Letters: BART mishandled SF subway track fire
- Published Tuesday, March 14, 2006, in the San Francisco Chronicle
Letter to the Editor
BART caused the chaos
When you hear a BART spokesperson say these fire incidents
happen every so often because of debris that catches on fire, then
they need to start cleaning out the tunnels every night when the
system is down, and once and for all get rid of those wooden areas
under the tracks.
Also, why isn't there an exhaust system on the trains to move out
smoke that enters the cars? An exhaust system would have lessened the
panic on the train. For the millions of dollars that we spent for
refurbishing these cars, they leave a lot to be desired from a safety
standpoint. Think of yourself standing in these cars as they fill
with smoke; people are going to start to worry.
Passengers should have listened to the train operator, otherwise some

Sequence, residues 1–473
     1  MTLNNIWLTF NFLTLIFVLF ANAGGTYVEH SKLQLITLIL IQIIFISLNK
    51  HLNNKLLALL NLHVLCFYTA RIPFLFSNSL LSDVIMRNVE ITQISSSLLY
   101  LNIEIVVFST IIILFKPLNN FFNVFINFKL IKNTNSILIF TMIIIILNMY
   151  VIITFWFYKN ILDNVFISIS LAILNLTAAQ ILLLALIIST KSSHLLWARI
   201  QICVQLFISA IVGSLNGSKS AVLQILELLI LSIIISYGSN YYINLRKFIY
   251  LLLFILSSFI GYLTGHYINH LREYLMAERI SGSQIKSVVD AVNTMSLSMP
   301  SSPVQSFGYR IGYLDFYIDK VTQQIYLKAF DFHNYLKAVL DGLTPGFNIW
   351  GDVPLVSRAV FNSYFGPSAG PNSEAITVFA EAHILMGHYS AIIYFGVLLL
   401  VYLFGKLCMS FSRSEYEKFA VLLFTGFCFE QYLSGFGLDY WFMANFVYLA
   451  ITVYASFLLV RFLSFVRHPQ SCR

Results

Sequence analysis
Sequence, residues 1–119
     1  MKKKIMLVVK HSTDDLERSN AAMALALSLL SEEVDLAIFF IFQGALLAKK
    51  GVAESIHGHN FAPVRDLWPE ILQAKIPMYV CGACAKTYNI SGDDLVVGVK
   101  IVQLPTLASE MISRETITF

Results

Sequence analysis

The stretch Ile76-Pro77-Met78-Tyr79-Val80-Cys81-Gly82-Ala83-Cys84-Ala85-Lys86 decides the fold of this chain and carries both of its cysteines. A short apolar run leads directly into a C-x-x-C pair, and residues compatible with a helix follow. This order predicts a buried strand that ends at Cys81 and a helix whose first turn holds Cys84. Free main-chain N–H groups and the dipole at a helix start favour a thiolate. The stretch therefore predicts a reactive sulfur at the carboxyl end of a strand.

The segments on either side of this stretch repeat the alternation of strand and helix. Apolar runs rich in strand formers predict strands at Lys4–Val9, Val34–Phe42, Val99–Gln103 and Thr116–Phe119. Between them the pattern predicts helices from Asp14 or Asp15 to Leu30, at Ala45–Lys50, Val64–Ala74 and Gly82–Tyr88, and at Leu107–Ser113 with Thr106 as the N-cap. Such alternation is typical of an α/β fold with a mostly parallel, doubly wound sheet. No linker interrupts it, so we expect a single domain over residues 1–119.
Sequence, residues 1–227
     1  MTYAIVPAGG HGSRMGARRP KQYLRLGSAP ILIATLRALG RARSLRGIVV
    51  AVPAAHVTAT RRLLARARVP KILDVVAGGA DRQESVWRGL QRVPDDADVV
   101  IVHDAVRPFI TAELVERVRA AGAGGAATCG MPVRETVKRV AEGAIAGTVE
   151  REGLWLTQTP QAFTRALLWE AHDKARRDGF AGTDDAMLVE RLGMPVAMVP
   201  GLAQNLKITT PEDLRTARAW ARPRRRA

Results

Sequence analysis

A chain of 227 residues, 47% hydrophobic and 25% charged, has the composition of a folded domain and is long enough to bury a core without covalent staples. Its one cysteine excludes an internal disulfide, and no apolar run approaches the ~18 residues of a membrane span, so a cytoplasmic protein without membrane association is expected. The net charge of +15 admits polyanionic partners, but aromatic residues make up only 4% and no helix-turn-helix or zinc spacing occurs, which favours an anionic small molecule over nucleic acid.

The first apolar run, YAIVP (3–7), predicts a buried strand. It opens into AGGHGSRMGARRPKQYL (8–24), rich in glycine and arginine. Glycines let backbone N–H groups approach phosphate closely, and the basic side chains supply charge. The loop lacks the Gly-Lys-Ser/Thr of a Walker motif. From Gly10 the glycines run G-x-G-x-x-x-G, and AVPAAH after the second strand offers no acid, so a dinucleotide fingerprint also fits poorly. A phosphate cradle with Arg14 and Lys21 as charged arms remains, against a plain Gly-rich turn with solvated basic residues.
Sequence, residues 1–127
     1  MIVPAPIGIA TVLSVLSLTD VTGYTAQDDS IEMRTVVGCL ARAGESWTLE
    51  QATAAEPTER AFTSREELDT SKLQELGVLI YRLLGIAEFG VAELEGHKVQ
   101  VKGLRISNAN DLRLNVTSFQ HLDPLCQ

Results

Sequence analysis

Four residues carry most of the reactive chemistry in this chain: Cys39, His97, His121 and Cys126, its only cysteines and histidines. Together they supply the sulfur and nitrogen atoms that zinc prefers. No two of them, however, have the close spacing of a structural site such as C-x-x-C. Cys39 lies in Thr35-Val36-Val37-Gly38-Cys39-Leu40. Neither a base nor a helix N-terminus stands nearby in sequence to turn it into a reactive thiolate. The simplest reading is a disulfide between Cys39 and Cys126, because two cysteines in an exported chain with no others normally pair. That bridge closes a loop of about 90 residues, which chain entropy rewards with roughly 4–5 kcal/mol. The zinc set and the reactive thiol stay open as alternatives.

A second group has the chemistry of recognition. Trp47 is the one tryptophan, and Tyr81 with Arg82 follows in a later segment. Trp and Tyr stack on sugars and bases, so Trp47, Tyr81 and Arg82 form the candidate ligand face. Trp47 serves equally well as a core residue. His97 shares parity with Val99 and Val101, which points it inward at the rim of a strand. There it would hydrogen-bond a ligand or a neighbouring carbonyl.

very serious accident could have resulted, so they themselves are
partially at fault.
BART needs to understand that many of their passengers' lives are on
edge anyway, and it only takes something like this incident for them
to go over. To ask the train operator to put out a fire on the tracks
was a stupid thing that central (control) told him to do.
George L. Ramas
The 1.5-hour closure of BART on March 9 and the ensuing chaos was
the result of a systematic failure of BART to make timely and
frequent announcements throughout its system for disruptions in
service. Passengers are trained to take matters into their own
hands because they expect to hear no word from BART officials.
In the past month, I have waited for seven trains that were delayed
more than 10 minutes, and in only one case was an announcement made.
Perhaps BART does not want to call attention to its inability to stay
Furthermore, the March 9 situation would not have occurred if there
was not debris on the tracks to catch fire. BART closes every night
for five hours. Why doesn't BART take advantage of that opportunity
to clean the track area?